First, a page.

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with
g
(
H
)

=−

H
and constant values of
h

=

1. The steady-state pdf of
H
(
D'Odorico

and Fagherazzi
,
2003
)is

=
C
(
H
+
b
)
−
a
−
1
(1

−
H
)
a
−
1

p
(
H
)

,

(4.18)

b
)
b
λ/
a
. We can obtain the deterministic counterpart of this

process by replacing the stochastic rate of erosion with its mean value

where
C

=

(

λ/

a
)(1

+

H
. Thus the

underlying deterministic process has only one stable state and no unstable state within

the [0, 1] interval [Fig.
4.15
(c), dashed curve with

λ

1], and the stochastic dynamics

have a U-shaped distribution [Fig.
4.15
(d)], suggesting that there is a statistically un-

stable state between 0 and 1; 0 and 1 are the stable states of the stochastic process. This

result is noise induced and resembles the case of noise-induced bistability discussed

in the previous two sections. The Poisson noise is able to convert a deterministic

system with only one stable state into a stochastic one with two preferential states and

an intermediate unstable state. This effect is due to the term

α
=

g
(
H
) in the equation,

λα

i.e., to the multiplicative character of noise (Eq.
2.69
).

4.3.4 Stochastic soil-moisture dynamics

Stochastic differential equations driven by white shot noise have been used in recent

years to model the soil-water balance (
Rodriguez-Iturbe et al.
,
1999b
;
Laio et al.
,

2001
), providing a theoretical framework to investigate the effect of climate, soils, and

vegetation on soil-moisture dynamics in the root zone. The probability distributions

of the soil-water content determined with this model have been used in a number

of ecohydrological applications, including the study of water-stress conditions in

vegetation, the modeling of land-atmosphere interactions, and the analysis of the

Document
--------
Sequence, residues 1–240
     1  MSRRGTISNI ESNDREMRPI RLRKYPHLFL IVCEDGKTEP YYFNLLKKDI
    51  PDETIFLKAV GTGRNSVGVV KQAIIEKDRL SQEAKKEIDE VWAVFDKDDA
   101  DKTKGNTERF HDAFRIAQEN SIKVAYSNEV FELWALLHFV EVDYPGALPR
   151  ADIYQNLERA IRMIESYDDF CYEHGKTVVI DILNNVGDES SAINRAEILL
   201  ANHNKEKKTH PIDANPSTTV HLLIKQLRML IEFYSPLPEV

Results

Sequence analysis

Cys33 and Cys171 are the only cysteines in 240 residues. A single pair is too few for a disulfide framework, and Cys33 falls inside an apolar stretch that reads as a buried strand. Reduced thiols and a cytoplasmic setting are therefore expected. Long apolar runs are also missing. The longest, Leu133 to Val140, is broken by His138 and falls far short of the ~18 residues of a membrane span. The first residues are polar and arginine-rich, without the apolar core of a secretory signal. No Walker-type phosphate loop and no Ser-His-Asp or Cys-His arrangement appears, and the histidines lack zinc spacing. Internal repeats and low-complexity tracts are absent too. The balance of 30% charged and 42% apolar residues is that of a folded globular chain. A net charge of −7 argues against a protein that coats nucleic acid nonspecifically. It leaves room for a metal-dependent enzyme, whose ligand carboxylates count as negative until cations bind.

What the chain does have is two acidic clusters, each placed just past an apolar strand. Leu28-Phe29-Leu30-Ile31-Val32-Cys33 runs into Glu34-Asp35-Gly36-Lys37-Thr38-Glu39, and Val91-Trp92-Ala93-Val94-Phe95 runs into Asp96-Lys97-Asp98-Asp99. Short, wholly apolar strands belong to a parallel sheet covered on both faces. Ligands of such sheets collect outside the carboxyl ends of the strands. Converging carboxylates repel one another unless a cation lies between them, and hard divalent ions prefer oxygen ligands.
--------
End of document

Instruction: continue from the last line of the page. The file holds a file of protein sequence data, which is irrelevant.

hydrologic controls on photosynthesis and nutrient cycling (see
Rodriguez-Iturbe and

Porporato
,
2005
). In this subsection we use this model to investigate the effect of

soil-moisture-precipitation feedbacks on the dynamics of soil moisture. Following

Laio et al.
(
2001
), we consider the water balance of a surface soil layer of depth
Z
r

(Fig.
4.16
). The only input to the soil-water balance is due to precipitation, which is

modeled as a stochastic process. We use a Poisson process of rainfall occurrences at

rate

(average storm frequency), with each storm having an exponentially distributed

random depth
h
with mean storm depth

λ

. The output is due to evapotranspiration and

leakage, which are modeled as deterministic functions of soil moisture (Fig.
4.17
). We

express soil-moisture dynamics through a stochastic differential equation expressing

the soil-water balance at a point (
Laio et al.
,
2001
)as

nZ
r
d
s
(
t
)

d
t

α

=
ϕ

[
s
(
t
)

,

t
]

−
χ

[
s
(
t
)]

,

(4.19)

where
s
is soil moisture,
t
is time,
n
is the soil porosity,
Z
r
is the active soil depth (i.e.,

the root zone, which is active in the exchange of water with the overlying atmosphere),

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